If DeepBlue looks familiar, you may be one of the three million people who saw them wow the judges on Australia’s Got Talent television series broadcast last year.

“It topped the ratings the night we were on. It beat MasterChef,” says West End violinist Greta Kelly, who has been part of the unique group since its inception. DeepBlue started at QUT in 2005 with the aim of reinventing the orchestra to give it wider appeal. “We’re not trying to throw away the orchestra,” explains Greta. “We’re just trying to preserve it in a more modern way and indeed we found that there are so many preconceptions and limitations that an orchestra has, that we dropped the term ‘orchestra’ and now we just call ourselves DeepBlue.” The group is made up of 16 musicians including six violinists, two violists, three cellists and a double bass player. “Then we’ve got, in the background, the ‘emus’ as we call them,” says Greta.

“The electronic musicians — drums, guitar, electronic sampled beats and keyboards.”
Their repertoire is an eclectic mix of pop, rock, electro and classical along with some of their own compositions. “It’s a big mix … we do a Corelli Concerto … there’s covers like Cat Stevens’ Father and Son, Somebody That I Used to Know by Gotye, we do Radiohead’s Paranoid Android which is a really beautiful arrangement, and The Who for the baby boomers … and then some film music like an Ennio Morricone’s soundtrack to Cinema Paradiso.” Unlike many other string musicians, you won’t find this lot sitting straight-faced behind a music stand. Their performances are high energy with choreographed dance routines, a cello player on stilts, a violinist who can balance atop a double bass and a viola player who zips around stage on her unicycle. The group has toured all over Australia and will be travelling to perform in Taiwan and India before the end of the year. They’ll also be piling into three Taragos and a truck to take their new show Who Are You around Queensland.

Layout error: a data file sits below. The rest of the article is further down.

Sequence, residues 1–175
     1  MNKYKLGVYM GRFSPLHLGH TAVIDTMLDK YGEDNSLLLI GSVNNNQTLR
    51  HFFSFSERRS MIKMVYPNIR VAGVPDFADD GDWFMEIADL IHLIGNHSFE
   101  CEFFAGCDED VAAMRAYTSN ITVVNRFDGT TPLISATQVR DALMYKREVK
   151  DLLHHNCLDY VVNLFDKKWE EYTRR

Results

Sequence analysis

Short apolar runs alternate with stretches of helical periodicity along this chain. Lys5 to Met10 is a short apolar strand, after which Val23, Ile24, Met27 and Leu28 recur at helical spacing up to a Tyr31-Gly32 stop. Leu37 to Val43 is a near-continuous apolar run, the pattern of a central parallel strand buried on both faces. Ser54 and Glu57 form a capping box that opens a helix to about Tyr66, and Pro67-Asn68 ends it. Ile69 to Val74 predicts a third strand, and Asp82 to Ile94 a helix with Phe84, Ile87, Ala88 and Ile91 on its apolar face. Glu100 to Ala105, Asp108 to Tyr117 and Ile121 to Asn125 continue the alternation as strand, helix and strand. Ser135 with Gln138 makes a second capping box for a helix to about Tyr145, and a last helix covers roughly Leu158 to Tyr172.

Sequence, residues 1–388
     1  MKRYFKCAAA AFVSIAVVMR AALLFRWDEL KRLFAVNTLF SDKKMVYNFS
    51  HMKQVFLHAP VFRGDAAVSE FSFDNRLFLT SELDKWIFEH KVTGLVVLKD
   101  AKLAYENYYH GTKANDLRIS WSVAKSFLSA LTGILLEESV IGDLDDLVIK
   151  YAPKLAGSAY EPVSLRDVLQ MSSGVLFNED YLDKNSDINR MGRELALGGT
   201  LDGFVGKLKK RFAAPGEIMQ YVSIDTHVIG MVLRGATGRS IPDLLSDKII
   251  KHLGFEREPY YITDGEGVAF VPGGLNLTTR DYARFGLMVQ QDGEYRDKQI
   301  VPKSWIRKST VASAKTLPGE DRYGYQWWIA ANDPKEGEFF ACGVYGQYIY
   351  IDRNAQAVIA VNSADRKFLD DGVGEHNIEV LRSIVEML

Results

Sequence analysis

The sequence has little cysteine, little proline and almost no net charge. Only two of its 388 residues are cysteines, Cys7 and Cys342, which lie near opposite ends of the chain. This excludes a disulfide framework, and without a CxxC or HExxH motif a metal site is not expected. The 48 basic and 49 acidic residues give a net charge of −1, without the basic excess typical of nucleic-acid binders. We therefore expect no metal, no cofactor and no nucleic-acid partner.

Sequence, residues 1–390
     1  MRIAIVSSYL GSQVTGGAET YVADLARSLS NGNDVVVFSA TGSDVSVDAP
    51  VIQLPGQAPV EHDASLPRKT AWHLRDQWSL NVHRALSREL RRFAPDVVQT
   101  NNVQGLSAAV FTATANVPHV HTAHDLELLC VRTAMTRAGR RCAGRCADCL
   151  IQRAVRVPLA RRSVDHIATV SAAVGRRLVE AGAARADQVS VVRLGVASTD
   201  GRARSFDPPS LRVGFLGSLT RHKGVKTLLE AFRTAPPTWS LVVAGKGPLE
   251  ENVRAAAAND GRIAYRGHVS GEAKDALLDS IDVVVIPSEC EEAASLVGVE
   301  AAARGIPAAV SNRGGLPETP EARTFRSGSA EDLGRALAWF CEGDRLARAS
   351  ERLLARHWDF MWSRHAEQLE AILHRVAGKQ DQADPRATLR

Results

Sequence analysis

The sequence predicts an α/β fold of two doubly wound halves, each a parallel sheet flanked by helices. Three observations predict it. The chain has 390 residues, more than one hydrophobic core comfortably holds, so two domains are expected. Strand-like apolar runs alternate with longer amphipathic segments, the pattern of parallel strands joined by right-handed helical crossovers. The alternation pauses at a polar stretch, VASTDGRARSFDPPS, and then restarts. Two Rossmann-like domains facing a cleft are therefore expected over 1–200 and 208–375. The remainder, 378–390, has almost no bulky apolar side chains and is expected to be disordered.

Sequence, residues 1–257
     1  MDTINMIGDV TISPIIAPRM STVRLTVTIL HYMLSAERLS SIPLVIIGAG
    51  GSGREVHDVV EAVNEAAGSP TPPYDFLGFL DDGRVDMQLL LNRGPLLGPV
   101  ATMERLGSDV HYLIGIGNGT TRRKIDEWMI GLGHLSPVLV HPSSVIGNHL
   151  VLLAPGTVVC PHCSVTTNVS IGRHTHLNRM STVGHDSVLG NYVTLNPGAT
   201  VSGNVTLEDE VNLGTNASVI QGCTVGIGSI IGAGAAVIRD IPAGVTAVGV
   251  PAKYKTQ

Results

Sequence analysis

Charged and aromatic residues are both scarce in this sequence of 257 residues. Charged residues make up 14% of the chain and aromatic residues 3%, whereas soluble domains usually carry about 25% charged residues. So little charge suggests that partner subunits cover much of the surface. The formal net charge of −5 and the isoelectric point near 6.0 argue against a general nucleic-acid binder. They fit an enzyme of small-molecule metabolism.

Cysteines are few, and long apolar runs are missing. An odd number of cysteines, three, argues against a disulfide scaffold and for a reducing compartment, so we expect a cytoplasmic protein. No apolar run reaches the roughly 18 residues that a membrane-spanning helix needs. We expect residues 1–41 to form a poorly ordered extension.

For DeepBlue, touring is not just about turning up on stage, doing their show and leaving again. They like to get the community involved. “We’ve always had YoungBlue where young string players come and do a workshop with us and then they come and perform one piece during the show. They choreograph it and they perform their moves, and then we’ve extended that to include a community choir.”

Greta says it’s a great way to meet people in the places they visit, which can otherwise be difficult to do. “It’s been amazing. We did it around Western Australia and South Australia and the community choirs were really interesting. They’re kind of the people in the town who aren’t the miners or the farmers and they’re actually really into the arts, even though they live in the country. In Australia there isn’t much of a class divide but there is a real rural / metro divide and they’re a bit isolated out there.”


Words by Leah Carri  |  Images  supplied